Apparatus for producing artificial pneumothorax, Birmingham, England, 1920-1940

Made:
1920-1940 in Birmingham
maker:
Philip Harris & Co. Ltd.
and
Short and Mason Limited

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Science Museum Group Collection
© The Board of Trustees of the Science Museum

Science Museum Group
© The Board of Trustees of the Science Museum

Apparatus for producing artificial pneumothorax, Heaf's type, by Philip Harris & Co. Ltd, Birmingham.

Artificial pneumothorax is a surgical treatment to collapse the lung by inserting air or nitrogen into the pleural space. This was a treatment for tuberculosis in the lungs, known as pulmonary tuberculosis. The theory behind the treatment was that the lung needed to rest if the organ was to recover. Collapsing the lung gave it this rest. The medical world disagreed as to when was the best time to administer the treatment, if at all. Artificial pneumothorax treatments were replaced by antibiotics in the early 1940s.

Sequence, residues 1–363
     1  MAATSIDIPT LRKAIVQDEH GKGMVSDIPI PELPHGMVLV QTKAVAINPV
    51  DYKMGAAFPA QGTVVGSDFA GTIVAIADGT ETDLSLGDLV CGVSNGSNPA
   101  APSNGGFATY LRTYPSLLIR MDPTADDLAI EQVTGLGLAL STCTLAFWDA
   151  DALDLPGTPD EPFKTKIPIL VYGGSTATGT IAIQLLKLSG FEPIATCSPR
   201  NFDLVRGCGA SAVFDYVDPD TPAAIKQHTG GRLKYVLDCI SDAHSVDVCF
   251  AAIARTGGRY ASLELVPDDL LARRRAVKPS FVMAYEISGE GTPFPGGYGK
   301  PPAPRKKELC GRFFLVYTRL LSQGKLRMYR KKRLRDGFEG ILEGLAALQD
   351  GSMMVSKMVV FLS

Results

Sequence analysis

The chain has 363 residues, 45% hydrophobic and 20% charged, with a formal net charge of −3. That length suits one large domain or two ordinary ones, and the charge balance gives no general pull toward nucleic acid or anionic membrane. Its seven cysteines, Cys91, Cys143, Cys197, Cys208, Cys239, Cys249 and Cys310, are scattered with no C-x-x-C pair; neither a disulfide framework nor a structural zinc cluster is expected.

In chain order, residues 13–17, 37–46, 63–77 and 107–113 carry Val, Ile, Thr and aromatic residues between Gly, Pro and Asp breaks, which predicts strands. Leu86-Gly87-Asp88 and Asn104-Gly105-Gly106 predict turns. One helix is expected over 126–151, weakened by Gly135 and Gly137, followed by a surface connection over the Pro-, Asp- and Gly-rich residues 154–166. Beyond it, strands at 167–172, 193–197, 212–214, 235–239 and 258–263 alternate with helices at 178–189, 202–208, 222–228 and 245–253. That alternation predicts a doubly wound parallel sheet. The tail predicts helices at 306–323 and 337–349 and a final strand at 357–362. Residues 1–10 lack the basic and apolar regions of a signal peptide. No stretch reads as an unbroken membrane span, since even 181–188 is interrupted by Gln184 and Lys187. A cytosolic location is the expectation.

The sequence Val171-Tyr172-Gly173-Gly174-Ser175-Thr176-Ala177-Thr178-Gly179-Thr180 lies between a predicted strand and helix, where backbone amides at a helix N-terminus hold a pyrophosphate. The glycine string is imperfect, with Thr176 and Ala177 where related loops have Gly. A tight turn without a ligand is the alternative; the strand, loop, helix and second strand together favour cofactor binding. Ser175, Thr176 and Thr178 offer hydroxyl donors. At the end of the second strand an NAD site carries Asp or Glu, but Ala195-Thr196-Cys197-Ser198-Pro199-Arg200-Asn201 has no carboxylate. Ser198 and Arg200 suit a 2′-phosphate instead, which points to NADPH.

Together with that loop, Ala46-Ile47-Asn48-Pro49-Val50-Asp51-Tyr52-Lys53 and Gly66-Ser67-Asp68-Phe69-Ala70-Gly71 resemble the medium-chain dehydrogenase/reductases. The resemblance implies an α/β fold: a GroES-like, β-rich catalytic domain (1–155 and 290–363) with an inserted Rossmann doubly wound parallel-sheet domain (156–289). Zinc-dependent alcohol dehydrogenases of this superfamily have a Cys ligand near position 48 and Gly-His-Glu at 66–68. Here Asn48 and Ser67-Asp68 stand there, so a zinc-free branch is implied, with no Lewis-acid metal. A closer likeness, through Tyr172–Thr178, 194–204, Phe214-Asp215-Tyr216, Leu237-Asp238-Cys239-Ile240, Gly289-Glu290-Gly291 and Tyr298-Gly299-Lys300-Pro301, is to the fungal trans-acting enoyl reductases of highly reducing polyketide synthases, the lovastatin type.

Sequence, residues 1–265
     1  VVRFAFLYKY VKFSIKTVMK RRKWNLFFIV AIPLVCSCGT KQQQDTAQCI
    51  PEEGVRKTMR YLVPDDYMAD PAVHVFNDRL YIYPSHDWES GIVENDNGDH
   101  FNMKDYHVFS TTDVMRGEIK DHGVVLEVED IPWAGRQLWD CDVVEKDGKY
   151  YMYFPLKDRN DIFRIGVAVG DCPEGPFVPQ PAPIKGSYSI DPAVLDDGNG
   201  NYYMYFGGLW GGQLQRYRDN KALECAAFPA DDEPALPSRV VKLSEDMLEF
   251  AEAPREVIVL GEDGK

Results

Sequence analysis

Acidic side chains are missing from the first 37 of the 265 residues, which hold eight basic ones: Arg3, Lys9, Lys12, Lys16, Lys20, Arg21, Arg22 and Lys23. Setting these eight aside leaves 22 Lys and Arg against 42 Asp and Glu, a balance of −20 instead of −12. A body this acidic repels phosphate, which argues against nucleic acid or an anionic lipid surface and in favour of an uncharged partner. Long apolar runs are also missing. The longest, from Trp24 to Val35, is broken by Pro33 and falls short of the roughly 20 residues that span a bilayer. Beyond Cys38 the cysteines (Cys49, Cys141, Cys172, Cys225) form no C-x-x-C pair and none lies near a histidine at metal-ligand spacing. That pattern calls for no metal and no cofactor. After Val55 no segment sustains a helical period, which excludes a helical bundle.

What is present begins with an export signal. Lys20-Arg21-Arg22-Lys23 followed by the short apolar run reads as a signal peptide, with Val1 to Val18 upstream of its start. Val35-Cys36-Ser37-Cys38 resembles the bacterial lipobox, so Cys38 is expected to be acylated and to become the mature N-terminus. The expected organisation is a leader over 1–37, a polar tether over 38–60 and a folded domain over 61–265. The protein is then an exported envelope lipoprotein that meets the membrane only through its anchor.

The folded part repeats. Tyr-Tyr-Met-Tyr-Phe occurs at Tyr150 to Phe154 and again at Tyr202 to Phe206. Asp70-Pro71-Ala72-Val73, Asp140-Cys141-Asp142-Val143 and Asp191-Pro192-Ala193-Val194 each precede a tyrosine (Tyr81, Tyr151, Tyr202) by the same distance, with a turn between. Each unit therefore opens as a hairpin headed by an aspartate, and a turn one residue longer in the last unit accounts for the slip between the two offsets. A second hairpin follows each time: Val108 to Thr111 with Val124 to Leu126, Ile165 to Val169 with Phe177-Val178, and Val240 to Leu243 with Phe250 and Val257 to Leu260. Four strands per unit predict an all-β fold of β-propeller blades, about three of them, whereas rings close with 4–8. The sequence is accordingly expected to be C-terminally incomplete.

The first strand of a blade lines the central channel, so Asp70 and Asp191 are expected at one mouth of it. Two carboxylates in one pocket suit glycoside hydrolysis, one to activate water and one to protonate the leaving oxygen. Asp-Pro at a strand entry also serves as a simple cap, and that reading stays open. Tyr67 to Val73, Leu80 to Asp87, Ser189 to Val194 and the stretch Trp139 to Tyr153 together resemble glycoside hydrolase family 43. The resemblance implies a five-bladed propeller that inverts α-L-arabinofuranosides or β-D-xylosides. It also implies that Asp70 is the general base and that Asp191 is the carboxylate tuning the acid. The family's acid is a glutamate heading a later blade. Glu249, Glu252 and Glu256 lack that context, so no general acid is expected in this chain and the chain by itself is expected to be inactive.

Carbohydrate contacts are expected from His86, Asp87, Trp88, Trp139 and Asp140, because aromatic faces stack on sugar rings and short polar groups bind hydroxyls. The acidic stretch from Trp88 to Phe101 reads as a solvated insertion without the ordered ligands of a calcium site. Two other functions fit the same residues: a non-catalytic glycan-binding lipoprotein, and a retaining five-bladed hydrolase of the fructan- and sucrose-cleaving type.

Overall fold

Details

Category:
Surgery
Collection:
Sir Henry Wellcome's Museum Collection
Object Number:
A640091 Pt1
Materials:
glass, plastic (unidentified), rubber (unidentified), steel (metal) and wood (unidentified)
type:
pneumothorax apparatus
taxonomy:
  • furnishing and equipment
  • tools & equipment